Latina Broadcasters of Daytona Beach went to federal court Friday to get it to do what the FCC would not—allow it to participate in the FCC's incentive auction.
Latina's lawyer said Friday he has filed his request with the court to either stay the FCC's decision not to let it into the auction until the court has ruled on its appeal of the decision—or to delay the March 29 start of the auction until the court has heard it.
The FCC's Media Bureau Thursday declined to grant the stay of its decision not to let Latina's Class A low power WDYB-CD Daytona Beach, Fla., participate in the incentive auction, or, in the alternative, to stay the March 29 start date of its incentive auction, saying the station did not qualify, was unlikely to win its appeals, and that delaying the auction was not in the public interest.
It will fight the court stay as well, an FCC source told B&C.
Latina argues to the court—the U.S. Court of Appeals for the D.C. Circuit—that the FCC made WDYB ineligible for the auction—after initially saying it was eligible without anyone requesting that it do so and without notice.
It also said the FCC "unjustly" discriminated against it by excluding it while including what it argues was a similarly situated station. Latina also points out that it was operating under the reasonable assumption that it was eligible to participate and that it is a little late for the FCC to reverse that assumption.
Latina asks the court to rule by March 11 so there will be time to reinstate it before the auction start date. If the court can't move that fast, Latina asks it to issue an interim stay of the decision or the auction while it decides on the stay.
Latina attorney David Wachen of HCH LEGAL, LLC said it appeared to him that there were things going on at the FCC that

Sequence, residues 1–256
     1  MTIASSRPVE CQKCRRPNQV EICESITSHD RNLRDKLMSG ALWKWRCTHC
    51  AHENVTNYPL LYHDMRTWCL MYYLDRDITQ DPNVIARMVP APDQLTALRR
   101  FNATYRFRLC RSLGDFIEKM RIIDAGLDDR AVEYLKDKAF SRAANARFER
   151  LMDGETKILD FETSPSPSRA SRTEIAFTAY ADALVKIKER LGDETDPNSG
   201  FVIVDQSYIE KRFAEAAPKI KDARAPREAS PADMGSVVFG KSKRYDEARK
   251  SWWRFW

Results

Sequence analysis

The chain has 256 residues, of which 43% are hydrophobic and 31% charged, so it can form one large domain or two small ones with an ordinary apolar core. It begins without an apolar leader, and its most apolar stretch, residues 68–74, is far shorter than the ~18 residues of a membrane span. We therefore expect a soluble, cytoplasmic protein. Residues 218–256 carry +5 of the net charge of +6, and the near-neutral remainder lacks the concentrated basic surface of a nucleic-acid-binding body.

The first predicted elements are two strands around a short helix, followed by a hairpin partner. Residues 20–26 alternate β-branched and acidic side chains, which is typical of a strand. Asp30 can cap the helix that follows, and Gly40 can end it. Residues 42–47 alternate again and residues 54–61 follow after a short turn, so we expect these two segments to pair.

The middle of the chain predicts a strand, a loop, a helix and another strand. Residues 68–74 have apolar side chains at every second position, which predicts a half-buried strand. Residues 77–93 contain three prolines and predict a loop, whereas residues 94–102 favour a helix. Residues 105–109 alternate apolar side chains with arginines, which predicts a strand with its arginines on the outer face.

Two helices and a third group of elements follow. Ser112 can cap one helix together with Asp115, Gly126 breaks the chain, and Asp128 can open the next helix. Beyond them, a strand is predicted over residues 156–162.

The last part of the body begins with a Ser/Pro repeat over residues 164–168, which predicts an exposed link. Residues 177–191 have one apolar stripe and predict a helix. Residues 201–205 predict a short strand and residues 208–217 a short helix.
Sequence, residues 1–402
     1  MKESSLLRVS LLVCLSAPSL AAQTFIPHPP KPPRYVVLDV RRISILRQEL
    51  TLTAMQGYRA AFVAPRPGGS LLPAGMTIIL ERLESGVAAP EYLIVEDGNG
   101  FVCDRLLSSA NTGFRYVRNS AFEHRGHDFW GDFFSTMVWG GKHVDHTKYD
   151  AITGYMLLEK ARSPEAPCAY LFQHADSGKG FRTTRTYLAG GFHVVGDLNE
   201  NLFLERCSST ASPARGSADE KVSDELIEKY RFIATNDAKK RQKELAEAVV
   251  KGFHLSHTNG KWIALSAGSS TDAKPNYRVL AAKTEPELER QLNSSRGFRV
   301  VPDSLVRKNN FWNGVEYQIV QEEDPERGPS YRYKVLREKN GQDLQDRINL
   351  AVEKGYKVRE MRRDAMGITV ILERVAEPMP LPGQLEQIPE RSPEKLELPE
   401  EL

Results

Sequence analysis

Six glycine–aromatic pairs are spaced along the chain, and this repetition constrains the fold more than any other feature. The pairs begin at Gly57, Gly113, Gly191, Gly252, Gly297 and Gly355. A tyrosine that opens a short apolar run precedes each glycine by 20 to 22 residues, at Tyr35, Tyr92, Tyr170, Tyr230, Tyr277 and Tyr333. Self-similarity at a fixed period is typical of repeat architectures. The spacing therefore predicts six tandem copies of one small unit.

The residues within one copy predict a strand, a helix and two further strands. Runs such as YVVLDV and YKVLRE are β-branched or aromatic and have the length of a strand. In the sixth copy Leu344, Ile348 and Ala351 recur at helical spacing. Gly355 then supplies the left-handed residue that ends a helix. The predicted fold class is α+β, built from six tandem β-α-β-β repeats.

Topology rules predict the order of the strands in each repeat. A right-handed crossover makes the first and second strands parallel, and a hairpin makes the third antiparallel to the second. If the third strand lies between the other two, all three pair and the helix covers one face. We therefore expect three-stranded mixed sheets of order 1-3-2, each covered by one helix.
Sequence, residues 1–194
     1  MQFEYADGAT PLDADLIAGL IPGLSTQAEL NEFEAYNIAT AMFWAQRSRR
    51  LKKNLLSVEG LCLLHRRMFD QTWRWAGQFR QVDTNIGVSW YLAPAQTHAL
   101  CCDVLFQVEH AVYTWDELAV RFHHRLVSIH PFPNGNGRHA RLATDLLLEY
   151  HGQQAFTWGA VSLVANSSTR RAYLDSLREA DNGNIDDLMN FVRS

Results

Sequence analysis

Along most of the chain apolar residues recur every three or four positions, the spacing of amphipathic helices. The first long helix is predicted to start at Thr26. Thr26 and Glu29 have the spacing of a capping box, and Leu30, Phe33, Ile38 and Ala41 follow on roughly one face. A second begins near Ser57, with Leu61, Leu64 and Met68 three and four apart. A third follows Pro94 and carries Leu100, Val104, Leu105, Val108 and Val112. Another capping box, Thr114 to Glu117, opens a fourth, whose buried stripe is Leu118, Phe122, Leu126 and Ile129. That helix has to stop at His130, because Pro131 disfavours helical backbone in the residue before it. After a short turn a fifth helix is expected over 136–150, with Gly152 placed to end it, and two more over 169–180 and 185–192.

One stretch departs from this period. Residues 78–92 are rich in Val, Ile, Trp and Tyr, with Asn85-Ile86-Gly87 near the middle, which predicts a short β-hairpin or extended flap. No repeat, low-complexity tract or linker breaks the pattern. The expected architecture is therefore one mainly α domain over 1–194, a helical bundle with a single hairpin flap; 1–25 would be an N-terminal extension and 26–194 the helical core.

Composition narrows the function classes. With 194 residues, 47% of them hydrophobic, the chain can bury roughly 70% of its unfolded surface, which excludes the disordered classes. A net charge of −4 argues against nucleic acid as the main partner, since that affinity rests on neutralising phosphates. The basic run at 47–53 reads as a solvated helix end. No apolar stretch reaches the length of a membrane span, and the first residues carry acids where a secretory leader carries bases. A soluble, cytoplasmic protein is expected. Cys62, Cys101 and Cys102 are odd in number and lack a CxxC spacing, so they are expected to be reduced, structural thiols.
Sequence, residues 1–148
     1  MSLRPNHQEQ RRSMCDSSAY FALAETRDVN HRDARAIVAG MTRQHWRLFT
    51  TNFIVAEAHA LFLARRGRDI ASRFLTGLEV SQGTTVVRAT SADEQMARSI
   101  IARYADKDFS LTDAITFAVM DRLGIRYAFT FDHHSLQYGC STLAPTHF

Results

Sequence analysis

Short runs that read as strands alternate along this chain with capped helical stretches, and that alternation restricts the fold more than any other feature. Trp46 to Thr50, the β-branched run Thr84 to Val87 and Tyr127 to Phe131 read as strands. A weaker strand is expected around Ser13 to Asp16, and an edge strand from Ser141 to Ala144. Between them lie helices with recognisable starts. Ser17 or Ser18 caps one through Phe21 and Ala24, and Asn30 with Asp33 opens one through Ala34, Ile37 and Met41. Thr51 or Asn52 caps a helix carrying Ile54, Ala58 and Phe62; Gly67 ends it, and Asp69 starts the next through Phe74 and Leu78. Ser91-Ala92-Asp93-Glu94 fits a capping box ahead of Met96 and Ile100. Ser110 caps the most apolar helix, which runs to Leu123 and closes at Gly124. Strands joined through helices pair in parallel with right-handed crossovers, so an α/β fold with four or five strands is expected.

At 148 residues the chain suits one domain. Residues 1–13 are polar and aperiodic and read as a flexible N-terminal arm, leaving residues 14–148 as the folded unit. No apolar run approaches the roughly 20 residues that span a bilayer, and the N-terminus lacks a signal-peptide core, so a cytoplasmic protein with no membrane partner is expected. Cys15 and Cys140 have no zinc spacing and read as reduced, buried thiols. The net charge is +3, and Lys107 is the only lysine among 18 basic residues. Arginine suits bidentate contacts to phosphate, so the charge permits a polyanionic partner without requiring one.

had "nothing to do with Daytona." Daytona is owned by Nora Crosby Soto, and Wachen says she feels like a "pawn in a larger game.
Wachen said that was a reference to the fact that one of the reasons the FCC gave for refusing to reinstate the station in the auction was that there were other LPTV stations--including the Videohouse stations--challenging it in court and the FCC might have to reinstate all those while the court made its decision on their challenges. "Accepting Latina’s claim for provisional eligibility, therefore, would also necessitate provisional eligibility for numerous other stations, which it said could mess up the auction," the Media Bureau said in that decision. That, said the FCC, would mean some major rejiggering that could "frustrate" the aims of the auction.
Videohouse stations were denied eligilibity in the same Feb. 12 FCC decision denying Latina, but the difference was, says Wachen, that they had never been in the auction and wanted in, while Latina wanted back in since the FCC had originally said it was eligible.
"Videohouse has argued that Latina is protected: 'We're like Latina, so we should be protected," sid Wachen. "And the FCC, rather than try to distinguish them, or let them participate, decided to kick her [Soto] out, a woman who hasn't done anything wrong."
Latina was the only station that, told it was eligible, had that decision reversed after it had been assigned an opening bid price and applied to participate.
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Contributing editor John Eggerton has been an editor and/or writer on media regulation, legislation and policy for over four decades, including covering the FCC, FTC, Congress, the major media trade associations, and the federal courts. In addition to Multichannel News and Broadcasting + Cable, his work has appeared in Radio World, TV Technology, TV Fax, This Week in Consumer Electronics, Variety and the Encyclopedia Britannica.
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